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Mount Zion's Trevor Durand picks his spots
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CLASS 3A BASEBALL REGIONALS

Mount Zion's Trevor Durand picks his spots

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Mount Zion's Trevor Durand's natural position is probably outfield, but he's played shortstop well for the Braves.

MOUNT ZION — It didn't take Trevor Durand long to realize he wasn't going to be able to blow his fastball past opponents.

Instead, he decided location is everything.

Durand, a senior, is one of three standout pitchers for the Braves who hope to take Mount Zion on a deep postseason run after a 24-4 regular season. The Braves open the Class 3A Champaign Central Regional semifinals against Rantoul at 4:30 p.m. on Wednesday.

On the mound, Durand has a 6-0 record with a 2.19 ERA with 41 strikeouts and only 13 walks in 37 innings.

“I don't really throw the hardest," Durand said. "I’m not going to strike people out blowing it right past them. I decided I should pick a location, hit my location and get strikeouts that way.

“Location has been where I work and it’s working pretty well so far."

Durand has off-speed pitches to complement his fastball, but he plays mostly off his heater.

He can spot a pitch inside, outside, high or low, or as Mount Zion coach Matt Smith calls it, a recipe to winning at the high-school level.

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Mount Zion’s Trevor Durand will lead the Braves into regional play this week in Champaign.

And when he needs to dig in the tank for a few extra miles per hour on his fastball, he can find it.

“He’s good at adding a little bit when he needs to on his fastball and subtracting," Smith said. "A lot of kids at this age, at this level, don’t add and subtract off their fastball."

Smith's favorite thing about Durand isn't his ability to keep hitters off balance, or the .326 average with two home runs and 20 RBIs Durand has from the No. 3 spot in the order.

Smith said he likes that Durand approaches each game, each practice, the same — with a level head. He leads by example on a team loaded with chemistry.

“The first thing I love about Trevor is how he goes about his business the right way," Smith said. "He works hard, doesn’t talk a lot and is a kid who expects to do well. He has expectations that he wants to be the guy, and he’s very quiet about doing it."

Keeping calm is in Durand's nature, but don't mistake his laid-back demeanor with a lack of caring.

He's passionate about baseball and will be the first one up to celebrate a big play or a towering home run.

On Saturday in a loss against East Peoria, Durand said the energy was lacking. He's not afraid to rally his team to stand at the fence and bring noise.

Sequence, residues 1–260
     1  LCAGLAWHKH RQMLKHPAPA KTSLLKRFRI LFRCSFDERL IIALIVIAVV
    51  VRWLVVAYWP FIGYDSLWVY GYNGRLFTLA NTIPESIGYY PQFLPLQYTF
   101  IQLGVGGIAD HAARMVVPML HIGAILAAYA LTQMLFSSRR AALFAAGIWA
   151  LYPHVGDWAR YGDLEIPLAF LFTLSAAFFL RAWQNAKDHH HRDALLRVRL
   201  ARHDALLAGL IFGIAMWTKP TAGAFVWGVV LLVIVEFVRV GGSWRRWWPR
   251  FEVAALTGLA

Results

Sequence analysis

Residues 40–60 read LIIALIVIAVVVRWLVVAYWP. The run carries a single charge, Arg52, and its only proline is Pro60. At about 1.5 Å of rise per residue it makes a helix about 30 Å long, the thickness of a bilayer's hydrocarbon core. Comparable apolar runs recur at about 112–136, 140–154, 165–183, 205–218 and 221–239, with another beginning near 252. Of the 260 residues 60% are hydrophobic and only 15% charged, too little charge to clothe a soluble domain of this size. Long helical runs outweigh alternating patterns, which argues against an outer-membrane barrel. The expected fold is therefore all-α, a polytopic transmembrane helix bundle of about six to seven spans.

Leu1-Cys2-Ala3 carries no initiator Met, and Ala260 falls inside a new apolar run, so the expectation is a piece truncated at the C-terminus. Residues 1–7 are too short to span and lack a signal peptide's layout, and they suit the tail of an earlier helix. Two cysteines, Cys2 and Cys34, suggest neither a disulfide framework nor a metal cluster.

He simply picks and chooses the moments to erupt.

“I am kind of the quiet one on the team," Durand said. "When it comes down to it, I’ll get into the game and I’ll get fired up. I can get a little loud too, sometimes."

Smith has harped on the importance of body language this season. He doesn't want his players displaying negative language on the field.

Neither does Durand.

He won't walk into the dugout and spike his helmet, or slam his bat against the fence after a bad at-bat. Though Durand may be upset with himself, he won't let his teammates know it, and he sure won't let the other team see his frustration.

“I don’t like showing emotions on the field," Durand said. “I feel like if I show emotion on the field, it might carry on to my next play or next at-bat, and I don’t want that."

As a pitcher, if an opposing team sees a weakness, they can pounce, Durand said.

When he isn't in the field, he's patrolling the shortstop position for the Braves, but it's been a journey to get there.

Growing up he played the outfield, and when he arrives on campus at Millikin next season, he'll likely take his position back in the outfield when he isn't pitching.

But when Durand was a freshman, Smith needed a shortstop, and Durand stepped into the role.

He played there as a sophomore on varsity, where he was named a unanimous all-conference selection in the Apollo.

As a junior, another unanimous all-conference selection season, he slid to third base before returning to shortstop during the season.

“It was tough at first, but once you get the hang of it, it gets a little smoother and it starts to go pretty well," Durand said.

At the plate, Durand knows he doesn't need to be a bopper in the middle of the Braves' order. Instead, he needs to find the gaps in the outfield.

He's got an on-base percentage of .455 and is slugging .539.

In the summer, Durand plays for the Decatur Commodores and Smith has seen a new hitter at the plate.

“I do believe he’s taken that next step as a hitter this year," Smith said. "He’s always been a solid hitter, but this year he’s really been able to go gap-to-gap and drive baseballs. He’s had a solid year for us."

After losses to Champaign Central in the regional championship game the last two years, Durand knows exactly what to expect as a potential third regional championship game looms against the Maroons this year.

“You've got to keep playing no matter what," Durand said of the postseason. "Somethings might not go your way. You have to keep playing. There’s always a lot of game left. It’s baseball. Anything can happen."

 

Contact Joey Wagner at (217) 421-6970. Follow him on Twitter: @mrwagner25

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